It is natural to believe that most successful students either have an above average IQ or work very hard, or both. This is an almost universally accepted perspective. But I think it misses the mark by quite a bit. Students often succeed because of the choices they make and the actions they take. In other words, they succeed because of the strategies they employ.
To learn more about the notion of success coming from “what you do” and not “who you are” check out this Harvard Business Review article by Heidi Grant Halvorson.
In this article, we’ll describe three basic strategies for improving performance in school.
- Set specific goals
- Build a plan
- Monitor progress and adjust
Set Specific Goals
The more specific the goal, the better. Why? Because the more specific the goal, the clearer idea you’ll have in your head about what it means to reach it, and thus the better positioned you’ll be to plan out the steps required to achieve it. In other words, the more specific the goal, the more likely it is that you can develop a good plan of attack.
Let’s use a simple example. You worked reasonably hard but got a C in your math class first semester, and your goal is to do better in the next semester. If you leave it at that, a C+ might represent meeting your goal, because that’s better than the “C.” The plan required to get a C+ vs. an A will be very different. That might seem obviously, but many people set the goal of “doing better in class” but really do wish they could get an A. They might be afraid to set a goal of getting an A, because they are worried they might fail. However, once you set that specific goal, you are ready acknowledge the steps you’ll have to take to get there. You are ready to develop a plan.
When people are planning evenings out with their friends or events like birthday parties, etc. they find it natural to plan. They’ll make reservations, get feedback on restaurants, etc. and develop an outline of how the night will go.
But for whatever reason, this is not the natural way that many people approach school. Perhaps it’s because teachers assign homework and announce timing for quizzes and tests, so the whole experience of going to school feels very structured and planned out for you. Although some specific classes are structured such that everything is planned out for you, it is a mistake to think that school in general doesn’t require a lot of planning on the part of a student who wants to be particularly successful. Success in school is about much more than working hard.
So, what does it really mean to develop a plan in the context of performing well in school?
Well, you can and should plan on multiple levels and these plans should be tied to your goals (see the previous section). You should have a high-level plan for how you approach high school or college (what types of classes will you take, what activities will you pursue, etc.), plans for each year, plans for each course (when will you study for the course, how will you get help, etc.), plans for upcoming tests (i.e., what material will you review, how long will you study, when will you study, etc.) and even plans for how you’ll complete your homework on any given night.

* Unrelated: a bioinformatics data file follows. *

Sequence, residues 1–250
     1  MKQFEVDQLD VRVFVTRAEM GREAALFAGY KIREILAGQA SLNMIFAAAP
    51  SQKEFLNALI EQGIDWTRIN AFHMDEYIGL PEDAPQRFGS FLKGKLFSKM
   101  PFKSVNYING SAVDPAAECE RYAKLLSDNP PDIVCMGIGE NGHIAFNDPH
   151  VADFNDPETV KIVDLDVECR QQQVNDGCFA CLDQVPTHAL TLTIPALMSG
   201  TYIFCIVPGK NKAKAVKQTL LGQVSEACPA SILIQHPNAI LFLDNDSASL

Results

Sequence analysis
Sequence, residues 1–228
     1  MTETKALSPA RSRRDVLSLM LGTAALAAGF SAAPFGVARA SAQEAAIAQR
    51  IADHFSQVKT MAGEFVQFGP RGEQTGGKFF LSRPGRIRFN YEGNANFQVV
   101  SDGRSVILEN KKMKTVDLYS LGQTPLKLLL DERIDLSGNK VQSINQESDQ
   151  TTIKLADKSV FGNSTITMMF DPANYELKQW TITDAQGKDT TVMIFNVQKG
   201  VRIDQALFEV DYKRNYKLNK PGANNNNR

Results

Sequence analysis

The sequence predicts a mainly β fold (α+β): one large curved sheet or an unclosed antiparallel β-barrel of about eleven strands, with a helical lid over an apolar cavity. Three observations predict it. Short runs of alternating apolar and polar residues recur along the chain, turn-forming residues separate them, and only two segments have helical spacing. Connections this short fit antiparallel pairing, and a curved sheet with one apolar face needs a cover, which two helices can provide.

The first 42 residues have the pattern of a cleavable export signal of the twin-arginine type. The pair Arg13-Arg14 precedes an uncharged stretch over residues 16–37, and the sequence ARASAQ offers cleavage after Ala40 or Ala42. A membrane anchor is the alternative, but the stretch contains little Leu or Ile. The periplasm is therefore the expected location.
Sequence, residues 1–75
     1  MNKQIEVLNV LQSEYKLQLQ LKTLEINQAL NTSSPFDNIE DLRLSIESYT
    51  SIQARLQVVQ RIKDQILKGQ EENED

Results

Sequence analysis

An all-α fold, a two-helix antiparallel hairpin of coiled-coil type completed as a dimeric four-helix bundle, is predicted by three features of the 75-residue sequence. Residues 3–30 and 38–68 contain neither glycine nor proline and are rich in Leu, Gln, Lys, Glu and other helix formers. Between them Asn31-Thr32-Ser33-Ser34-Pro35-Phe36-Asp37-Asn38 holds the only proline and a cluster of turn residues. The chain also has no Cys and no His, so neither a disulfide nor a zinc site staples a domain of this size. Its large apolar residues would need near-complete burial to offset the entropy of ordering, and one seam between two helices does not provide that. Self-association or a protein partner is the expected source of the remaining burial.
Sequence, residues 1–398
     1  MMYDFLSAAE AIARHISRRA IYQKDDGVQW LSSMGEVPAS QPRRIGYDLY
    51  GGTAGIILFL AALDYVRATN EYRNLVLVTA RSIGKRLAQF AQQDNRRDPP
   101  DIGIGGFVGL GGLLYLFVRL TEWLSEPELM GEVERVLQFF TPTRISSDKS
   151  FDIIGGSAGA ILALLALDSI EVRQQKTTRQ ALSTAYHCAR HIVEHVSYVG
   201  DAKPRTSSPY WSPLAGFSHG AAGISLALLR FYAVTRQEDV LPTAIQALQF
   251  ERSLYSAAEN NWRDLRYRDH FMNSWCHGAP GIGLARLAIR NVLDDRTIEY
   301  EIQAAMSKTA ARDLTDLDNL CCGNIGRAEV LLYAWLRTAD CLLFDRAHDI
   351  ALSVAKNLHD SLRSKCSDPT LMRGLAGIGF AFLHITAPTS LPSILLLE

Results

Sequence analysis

Here’s an example of how to think about developing a college admissions plan.
Monitor progress and adjust
Once you’ve set a goal and mapped out a plan for achieving it, you need to develop a way to measure your progress. In the context of school, that should not need to be a difficult task.
If you are in high school, many classes have many homework assignments, quizzes, and tests. So, a simple strategy is to just schedule the time to prepare for and complete all of these to the best of your ability, and then be honest about whether you are on track to meet your goal or not. If your goal is to get an A, you need to, obviously, get an A on a clear majority of these assignments. If you are missing half of the problems on your homework, you are not on track to get 95% of them correct on the next test.
So, if you missed a day of class, and are sitting down to do your homework and are finding it particularly difficult, this probably means you are starting to fall behind. Don’t ignore this feedback. Similarly, if you bomb a relatively inconsequential quiz, don’t just tell yourself that it wasn’t worth too many points and doesn’t matter. If you are not understanding certain material in the class, this could start compounding into a situation where you are very far behind, and in danger of doing poorly on an important test, midterm, or final.
One common term you may have heard about as it relates to goals is that they should be SMART. Or, Specific, Measurable, Actionable, Realistic, and Timebound. In this article, we’ve covered what it means to be specific, and of course to monitor progress, a goal must be “measurable,” which we also covered. A good goal is also actionable, meaning you can envision what to do to go after it. If you think about it, if a goal isn’t actionable, you’d have a hard time developing a plan of attack for achieving it. So, that ties in to our section on developing plans.
A good goal is also realistic, meaning it’s something you really could achieve if you work at it. Finally, it needs to be timebound, meaning that you set a specific time by when you plan to have reached the goal. Here’s a good article on SMART goals.
If you follow the simple three step process of setting specific goals, developing plans, and monitoring your progress, you’ll be on your way to better performance in school.